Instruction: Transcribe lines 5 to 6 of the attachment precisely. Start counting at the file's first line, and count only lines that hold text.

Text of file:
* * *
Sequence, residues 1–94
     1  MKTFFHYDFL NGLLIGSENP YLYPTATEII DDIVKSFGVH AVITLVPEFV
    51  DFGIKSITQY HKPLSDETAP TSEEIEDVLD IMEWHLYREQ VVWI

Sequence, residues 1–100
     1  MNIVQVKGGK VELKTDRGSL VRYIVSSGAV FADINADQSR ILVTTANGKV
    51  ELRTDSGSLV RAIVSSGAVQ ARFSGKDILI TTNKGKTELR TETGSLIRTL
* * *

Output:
     1  MNIVQVKGGK VELKTDRGSL VRYIVSSGAV FADINADQSR ILVTTANGKV
    51  ELRTDSGSLV RAIVSSGAVQ ARFSGKDILI TTNKGKTELR TETGSLIRTL